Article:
It’s nearly summertime, and BBQ season is upon us. There’s no better way to take in a meal than to toss some meat on the grill, sip some cool lemonade, and sit outside with your favorite people – eating and talking into the evening.
While some cookouts are impromptu, and therefore casual by nature, others involve a bit of pre-planning. But in the carefree spirit of summer, the etiquette for cookout invitations is often lost.
What’s the best way to invite your friends and family to your next cookout?
Consider the timing of your event. Are you sending the invitation one day in advance of the pool party, or two weeks in advance? If you require an immediate response, texting or telephoning a small group of intended guests may be the best course of action. However, if you have some time before you need a confirmed guest list you can email, create a Facebook event, or send an Evite.
Don’t be too creative. The tendency with online invitations is to get creative. If you’re having a pirate-themed cookout, maybe you say, “Gather pirates fer a cookout whar scurvy pirate gear be required. Brin’ grub to pass ‘n a spiced rum. Come at 4:00 p.m. ‘n brin’ ye buckos.” However, be sure that you are not so creative that the invitees have no idea what you are suggesting.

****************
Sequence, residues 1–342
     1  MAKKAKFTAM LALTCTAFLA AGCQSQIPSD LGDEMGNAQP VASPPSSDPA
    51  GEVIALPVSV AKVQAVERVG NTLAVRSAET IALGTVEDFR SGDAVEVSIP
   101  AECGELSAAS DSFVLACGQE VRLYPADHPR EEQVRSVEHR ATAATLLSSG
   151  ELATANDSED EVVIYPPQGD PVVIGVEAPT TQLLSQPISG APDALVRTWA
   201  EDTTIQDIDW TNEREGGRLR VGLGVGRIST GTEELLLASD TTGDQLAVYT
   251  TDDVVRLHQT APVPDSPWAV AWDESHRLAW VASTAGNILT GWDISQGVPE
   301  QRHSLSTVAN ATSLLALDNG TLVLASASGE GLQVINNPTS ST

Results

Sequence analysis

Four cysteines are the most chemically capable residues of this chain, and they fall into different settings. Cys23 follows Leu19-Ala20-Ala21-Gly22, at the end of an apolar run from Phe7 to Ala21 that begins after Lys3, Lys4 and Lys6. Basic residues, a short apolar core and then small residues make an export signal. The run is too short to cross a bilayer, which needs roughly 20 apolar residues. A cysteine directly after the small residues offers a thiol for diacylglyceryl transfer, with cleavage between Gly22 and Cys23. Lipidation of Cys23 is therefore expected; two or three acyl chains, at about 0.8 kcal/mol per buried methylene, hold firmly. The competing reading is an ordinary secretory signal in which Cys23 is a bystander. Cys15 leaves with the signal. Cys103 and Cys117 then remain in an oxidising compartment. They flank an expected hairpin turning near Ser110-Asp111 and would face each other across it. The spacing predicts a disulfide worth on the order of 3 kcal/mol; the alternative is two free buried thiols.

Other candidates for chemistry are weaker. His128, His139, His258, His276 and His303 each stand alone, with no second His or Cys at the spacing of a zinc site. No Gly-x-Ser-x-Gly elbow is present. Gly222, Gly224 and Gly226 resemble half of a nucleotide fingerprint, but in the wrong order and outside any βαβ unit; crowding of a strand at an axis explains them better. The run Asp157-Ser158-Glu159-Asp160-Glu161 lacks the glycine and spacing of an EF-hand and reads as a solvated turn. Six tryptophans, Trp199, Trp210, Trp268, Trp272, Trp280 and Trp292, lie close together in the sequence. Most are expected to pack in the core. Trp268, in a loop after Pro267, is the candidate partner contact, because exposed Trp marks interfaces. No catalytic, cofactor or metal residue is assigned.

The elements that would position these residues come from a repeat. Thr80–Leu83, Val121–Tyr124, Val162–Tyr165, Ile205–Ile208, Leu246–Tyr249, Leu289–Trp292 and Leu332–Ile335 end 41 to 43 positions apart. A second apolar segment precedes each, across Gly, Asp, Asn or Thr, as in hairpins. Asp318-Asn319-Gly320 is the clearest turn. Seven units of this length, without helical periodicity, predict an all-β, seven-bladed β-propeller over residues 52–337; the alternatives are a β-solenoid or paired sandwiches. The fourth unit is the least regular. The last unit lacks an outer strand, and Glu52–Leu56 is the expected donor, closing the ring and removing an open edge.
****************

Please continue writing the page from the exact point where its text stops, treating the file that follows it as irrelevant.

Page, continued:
Take the time to spell it out. Invitations are not meant to be casual. When describing your event, use full words (not contractions), and make sure that you are spelling these words correctly. Your friends will take you — and your gathering — more seriously if your event is well-worded.
Only invite people who are relevant. Maybe you want to keep your best friend from high school in the loop on your summer soiree schedule, but avoid the urge to invite her to events that are not relevant to her. Inviting someone from the east coast to a west coast event, for example, makes you look careless.
Convey your regrets. Summer is a very busy time when we try to make the most out of our longer days. That said, if someone replies “no” to your perfectly worded invitation, do not take offense. Because digital responses are not able to convey emotions as accurately as an in-person conversation, a “no” may seem abrupt in the context of a digital invitation — but it is not likely meant to be. If you are the recipient of an invitation to an event that you cannot attend, try to touch base with your host personally to let her know why.
Ten years ago, invitations were primarily sent through the mail. Today, because of our increasing reliance on texting, social media, and tools such as Evite, invitation etiquette is a bit more complicated. This summer, go back to basics – eat meat, drink lemonade, talk with your favorites well into the evening – and enjoy your time together.
The invitations will keep.